chasingthecrazies

Chasing my crazy dream in the writing world…

F3 – FIRST FIVE FRENZY WITH MICHAEL CARR – VERITAS LITERARY AGENCY October 5, 2012

If you’re like me, you toil for hours editing and fine-tuning the first pages of your manuscript.  You look at the first lines to make sure they are compelling and tight.  You examine the first few paragraphs, hoping  your MC’s voice is already taking hold of the reader.

 

Those first pages are important and that is the purpose of the F3.  To get an agent’s perspective on what works and what fails in those first five pages of a manuscript.  By reading each agent’s comments, I hope you will learn how to make your MS a shining gem that will be requested time and time again.

 

Today, I am proud to share Literary Agent, Michael Carr’s perspective on what is important in those first five pages…

 

Amy:  Many writers have the impression that a great first line is imperative to drawing in the reader. How important is that to you as an agent?

 

Michael: First lines are very important, as is a general hook. Your only goal of the first line is to convince me to read the next line, and the only goal of the first paragraph is to get me to read to the end of the page, etc.

 

Amy:  Many times a writer is told to stay away from common openings like dreams, eating breakfast, riding in a car, etc…What are some common openings you recommend writers stay away from?

 

Michael:  The biggest risk, of course, is having nothing happen in your open, but almost as dangerous is to have too much happening. Cliff hanger openings don’t work because we are not yet emotionally invested enough in the story to care. A story is a three-legged stool of character, situation, and problem, and they must be developed at roughly the same pace.

 

A good trick is to start with a problem, question, or hook that is intriguing without having the stakes be too high and then use that to lure the reader deeper into the story.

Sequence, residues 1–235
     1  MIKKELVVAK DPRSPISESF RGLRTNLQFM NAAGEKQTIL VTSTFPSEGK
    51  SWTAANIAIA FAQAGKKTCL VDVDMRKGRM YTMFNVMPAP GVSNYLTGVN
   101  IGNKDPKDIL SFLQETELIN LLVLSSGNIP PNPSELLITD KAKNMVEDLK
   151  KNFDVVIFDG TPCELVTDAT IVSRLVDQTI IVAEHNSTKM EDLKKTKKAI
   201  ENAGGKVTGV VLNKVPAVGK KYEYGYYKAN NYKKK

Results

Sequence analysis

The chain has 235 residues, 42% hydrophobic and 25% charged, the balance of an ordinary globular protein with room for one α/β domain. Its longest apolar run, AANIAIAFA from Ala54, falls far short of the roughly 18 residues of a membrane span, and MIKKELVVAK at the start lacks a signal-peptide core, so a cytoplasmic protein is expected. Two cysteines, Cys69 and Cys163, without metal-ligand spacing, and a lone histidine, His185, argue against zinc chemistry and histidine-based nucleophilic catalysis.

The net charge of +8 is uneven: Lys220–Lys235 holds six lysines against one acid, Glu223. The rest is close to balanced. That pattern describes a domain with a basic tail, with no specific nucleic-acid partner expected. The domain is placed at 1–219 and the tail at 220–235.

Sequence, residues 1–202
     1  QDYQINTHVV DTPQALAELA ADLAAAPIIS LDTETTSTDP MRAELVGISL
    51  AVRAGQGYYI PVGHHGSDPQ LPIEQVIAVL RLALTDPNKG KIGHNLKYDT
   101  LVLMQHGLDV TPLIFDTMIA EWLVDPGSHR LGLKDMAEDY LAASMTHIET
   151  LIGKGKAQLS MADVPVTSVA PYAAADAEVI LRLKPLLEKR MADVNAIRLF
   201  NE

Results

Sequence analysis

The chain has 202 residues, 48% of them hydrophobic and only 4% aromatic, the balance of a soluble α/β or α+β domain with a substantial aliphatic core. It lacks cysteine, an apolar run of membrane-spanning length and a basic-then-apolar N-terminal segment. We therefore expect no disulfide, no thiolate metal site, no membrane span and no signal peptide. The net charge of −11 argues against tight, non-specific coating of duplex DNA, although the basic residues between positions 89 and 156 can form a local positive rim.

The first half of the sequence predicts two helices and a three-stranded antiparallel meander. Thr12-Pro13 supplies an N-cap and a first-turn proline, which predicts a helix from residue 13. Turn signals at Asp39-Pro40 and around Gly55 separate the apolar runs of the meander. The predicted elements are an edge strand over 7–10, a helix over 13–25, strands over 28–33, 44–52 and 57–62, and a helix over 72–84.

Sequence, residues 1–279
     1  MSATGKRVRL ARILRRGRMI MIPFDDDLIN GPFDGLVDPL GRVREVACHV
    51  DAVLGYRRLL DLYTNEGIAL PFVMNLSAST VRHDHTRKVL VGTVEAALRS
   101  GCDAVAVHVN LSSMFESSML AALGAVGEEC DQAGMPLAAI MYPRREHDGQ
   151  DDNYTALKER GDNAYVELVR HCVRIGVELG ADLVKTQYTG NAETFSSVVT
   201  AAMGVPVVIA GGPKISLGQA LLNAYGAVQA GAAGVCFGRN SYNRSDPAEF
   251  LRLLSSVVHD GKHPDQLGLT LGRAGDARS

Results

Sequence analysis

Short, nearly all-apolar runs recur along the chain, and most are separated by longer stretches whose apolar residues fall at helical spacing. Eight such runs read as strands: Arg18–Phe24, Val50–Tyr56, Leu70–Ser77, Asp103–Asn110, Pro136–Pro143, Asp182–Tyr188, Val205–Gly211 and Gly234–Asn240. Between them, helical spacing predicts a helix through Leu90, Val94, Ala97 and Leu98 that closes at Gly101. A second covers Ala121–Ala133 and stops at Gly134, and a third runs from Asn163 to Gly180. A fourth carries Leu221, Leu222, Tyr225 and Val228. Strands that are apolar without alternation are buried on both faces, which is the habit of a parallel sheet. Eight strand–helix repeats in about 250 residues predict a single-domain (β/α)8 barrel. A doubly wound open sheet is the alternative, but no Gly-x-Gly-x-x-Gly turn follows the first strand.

Amy:  When you’ve responded to a writer to request a partial or full, what was it about their first pages that piqued your interest?

 

Michael: Usually, it’s good old-fashioned storytelling. But this is not enough in and of itself. I’m also looking for a clean manuscript and a professional presentation. I am happy to work with writers to develop their craft, but I need people to have a good set of tools before we start.

 

Amy: : When you’ve responded to a writer to request a partial or full, what was it about their first pages that piqued your interest?

 

Michael: Usually, it’s good old-fashioned storytelling. But this is not enough in and of itself. I’m also looking for a clean manuscript and a professional presentation. I am happy to work with writers to develop their craft, but I need people to have a good set of tools before we start.

 

Amy: : What are some common mistakes writers make in their first five pages?

 

Michael: In addition to what I’ve already mentioned, too many openings consist of authorial throat clearing: weather, white room syndrome, or other ways of the author telling me she is about to start an interesting story, instead of simply diving in.

 

Another big flaw is too much explanation or background. I can’t emphasize this enough: resist the urge to explain. It isn’t the knowing that drives reader interest, but the mystery. Be clear, but don’t give any answers until you have a chance to raise fresh, even more compelling questions.

 

Amy: What resonates with you most in those first pages? Voice? Pacing? Unique concept?

 

Michael: I look for stories that take me somewhere different, while maintaining contact with the universals of good story telling. Good writing brings an element of surprise, whether in voice, word choice, or skillful turns of phrase. I also take a look at the first dialog in the story, because this answers important questions about the skill of the writer.

 

Michael Carr is a literary agent with a background in editing and writing. His work has appeared in markets such as The Atlantic, The Magazine of Fantasy and Science Fiction, and Military History Magazine. He works carefully with writers to produce the cleanest, most professional manuscripts. Michael speaks Spanish and conversational French and before joining Veritas had professions as diverse as programming simulators for nuclear submarines and owning an inn in Vermont.

 

Mr. Carr is currently open to queries, and is a generalist who will represent most genres and categories, with the exception of romance and erotica. His list, like most others in the field, is relatively full, and he must be very selective in his choice of new projects to represent.

 

If you are interested in submitting to Mr. Carr, please make sure to check the Veritas Literary website for their guidelines.

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